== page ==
Explanation Prior to 2000, recommended dietary allowances (RDAs) for vitamin C and other vitamins were based on preventing deficiency with a margin of safety. We proposed that new RDAs for vitamins, with vitamin C as a model, should be based on concentration-dependent vitamin functions. We termed this concentration-function approach in situ kinetics, with both molecular and clinical components. Some principles of in situ kinetics were adopted by the National Academy of Sciences as part of revised recommendations for all vitamin intakes. Essential clinical components of in situ kinetics are to learn how vitamin C concentrations are achieved in humans as a function of dose, and to reveal the underlying mechanisms. To characterize these relationships, clinical studies were undertaken at the NIH Clinical Center. Healthy young men and women were hospitalized for 5-7 months, and extensive pharmacokinetics data were collected. Many of these data have been published. Based on portions of these clinical data, RDAs for vitamin C in the United States and Canada were revised upward in 2000 by the National Academy of Sciences, and were also increased in Germany, Austria, Denmark, France, Japan, and China. Continuing analyses of these data are on-going. Based on these pharmacokinetics data, we observed that orally ingested vitamin C a wide dose range resulted in tightly controlled plasma and tissue concentrations. Tight control appeared to be mediated by three coordinated physiologic processes: intestinal absorption;tissue transport/accumulation;and renal filtration/reabsorption. Renal filtration and reabsorption appeared to have a central role in tight control. We have therefore developed new modeling techniques to allow us to accurately determine the renal threshold for vitamin C. Data analyzed include thousands of plasma and urine data points obtained from 36 hour bioavailability experiments conducted at steady state at each of 7 different vitamin C doses in 20 subjects. In addition, we have collected data on 30 subjects with a rare genetic disease that involves renal function, as a model to learn whether the renal threshold for vitamin C can change. Studies are on-going to determine whether the vitamin C renal threshold, calculated after extensive data analyses of intensely studied subjects, can be confirmed in 30 other healthy subjects using simple and rapid sampling techniques. When these analyses are complete, we will be able to determine the vitamin C renal threshold in relation to plasma concentration, and the corresponding vitamin C dose that produces this plasma concentration. Such determination of the renal threshold for vitamin C excretion as a function of dose will provide an entirely new basis for an RDA for vitamin C, first in healthy people and eventually in disease states.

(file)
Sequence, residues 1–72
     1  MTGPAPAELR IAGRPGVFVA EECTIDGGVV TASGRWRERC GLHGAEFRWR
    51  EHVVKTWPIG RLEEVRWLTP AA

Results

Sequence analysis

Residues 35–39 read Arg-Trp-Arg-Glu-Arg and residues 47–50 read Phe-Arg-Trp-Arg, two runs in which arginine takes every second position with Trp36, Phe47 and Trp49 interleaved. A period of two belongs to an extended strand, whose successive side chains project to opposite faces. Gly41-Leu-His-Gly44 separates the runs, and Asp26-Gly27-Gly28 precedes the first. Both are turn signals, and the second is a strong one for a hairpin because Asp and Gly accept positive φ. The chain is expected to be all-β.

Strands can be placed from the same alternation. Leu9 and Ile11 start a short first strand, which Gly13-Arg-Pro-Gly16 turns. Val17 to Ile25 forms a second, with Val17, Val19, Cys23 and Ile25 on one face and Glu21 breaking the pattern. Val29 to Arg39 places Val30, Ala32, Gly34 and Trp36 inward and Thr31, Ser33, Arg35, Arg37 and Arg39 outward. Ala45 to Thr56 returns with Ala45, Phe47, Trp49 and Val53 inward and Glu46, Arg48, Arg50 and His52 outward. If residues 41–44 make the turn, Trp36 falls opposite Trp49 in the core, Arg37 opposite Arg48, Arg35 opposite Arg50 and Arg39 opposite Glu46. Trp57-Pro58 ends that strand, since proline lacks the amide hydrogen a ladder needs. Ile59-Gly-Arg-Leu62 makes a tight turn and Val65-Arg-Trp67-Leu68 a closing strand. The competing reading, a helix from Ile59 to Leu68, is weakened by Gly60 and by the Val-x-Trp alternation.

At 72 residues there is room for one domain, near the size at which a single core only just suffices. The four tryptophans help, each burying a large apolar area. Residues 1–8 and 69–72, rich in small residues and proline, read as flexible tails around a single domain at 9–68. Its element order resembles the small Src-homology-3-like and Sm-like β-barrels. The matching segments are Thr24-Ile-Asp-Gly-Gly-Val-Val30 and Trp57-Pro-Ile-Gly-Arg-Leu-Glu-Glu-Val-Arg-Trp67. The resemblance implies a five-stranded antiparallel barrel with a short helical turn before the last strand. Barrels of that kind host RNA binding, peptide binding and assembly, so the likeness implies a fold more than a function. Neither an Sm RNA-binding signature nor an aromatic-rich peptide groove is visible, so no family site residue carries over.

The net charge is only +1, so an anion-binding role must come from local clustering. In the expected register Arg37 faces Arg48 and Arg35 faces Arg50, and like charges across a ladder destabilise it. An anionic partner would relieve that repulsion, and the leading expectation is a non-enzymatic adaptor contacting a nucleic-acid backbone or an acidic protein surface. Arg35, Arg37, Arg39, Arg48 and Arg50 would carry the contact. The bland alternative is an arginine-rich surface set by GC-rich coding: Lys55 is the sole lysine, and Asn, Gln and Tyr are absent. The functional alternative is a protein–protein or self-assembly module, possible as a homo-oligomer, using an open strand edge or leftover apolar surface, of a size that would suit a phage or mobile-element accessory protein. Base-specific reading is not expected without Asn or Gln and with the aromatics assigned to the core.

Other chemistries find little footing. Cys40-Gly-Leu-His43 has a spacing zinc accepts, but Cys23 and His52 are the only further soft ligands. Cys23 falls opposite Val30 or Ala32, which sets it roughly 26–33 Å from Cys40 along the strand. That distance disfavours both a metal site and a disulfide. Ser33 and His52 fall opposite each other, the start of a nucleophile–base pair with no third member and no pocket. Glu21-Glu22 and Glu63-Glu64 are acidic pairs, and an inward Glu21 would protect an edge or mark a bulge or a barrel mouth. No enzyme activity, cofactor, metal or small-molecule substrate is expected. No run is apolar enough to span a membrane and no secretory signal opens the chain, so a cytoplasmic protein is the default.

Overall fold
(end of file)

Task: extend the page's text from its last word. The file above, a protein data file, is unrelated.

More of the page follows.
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Eck, Peter K; Corpe, Christopher; Levine, Mark A (2017) Temporo-spacial microanatomical distribution of the murine sodium-dependent ascorbic acid transporters Slc23a1 and Slc23a2 in the kidney throughout development. Biochem Cell Biol 95:421-427
Levine, Mark; Violet, Pierre-Christian (2017) Breaking down, starting up: can a vitamin C-enriched gelatin supplement before exercise increase collagen synthesis? Am J Clin Nutr 105:5-7
Padayatty, S J; Levine, M (2016) Vitamin C: the known and the unknown and Goldilocks. Oral Dis 22:463-93
Shatzer, Amber N; Espey, Michael Graham; Chavez, Mayra et al. (2013) Ascorbic acid kills Epstein-Barr virus positive Burkitt lymphoma cells and Epstein-Barr virus transformed B-cells in vitro, but not in vivo. Leuk Lymphoma 54:1069-78
Corpe, Christopher P; Eck, Peter; Wang, Jin et al. (2013) Intestinal dehydroascorbic acid (DHA) transport mediated by the facilitative sugar transporters, GLUT2 and GLUT8. J Biol Chem 288:9092-101
Parrow, Nermi L; Leshin, Jonathan A; Levine, Mark (2013) Parenteral Ascorbate As a Cancer Therapeutic: A Reassessment Based on Pharmacokinetics. Antioxid Redox Signal :
Eck, Peter; Kwon, Oran; Chen, Shenglin et al. (2013) The human sodium-dependent ascorbic acid transporters SLC23A1 and SLC23A2 do not mediate ascorbic acid release in the proximal renal epithelial cell. Physiol Rep 1:e00136
Padayatty, Sebastian J; Levine, Mark (2013) Standard-dose vs high-dose multivitamin supplements for HIV. JAMA 309:545-6
Li, Hongyan; Tu, Hongbin; Wang, Yaohui et al. (2012) Vitamin C in mouse and human red blood cells: an HPLC assay. Anal Biochem 426:109-17
Eisner, Christoph; Ow, Hooisweng; Yang, Tianxin et al. (2012) Measurement of plasma volume using fluorescent silica-based nanoparticles. J Appl Physiol 112:681-7

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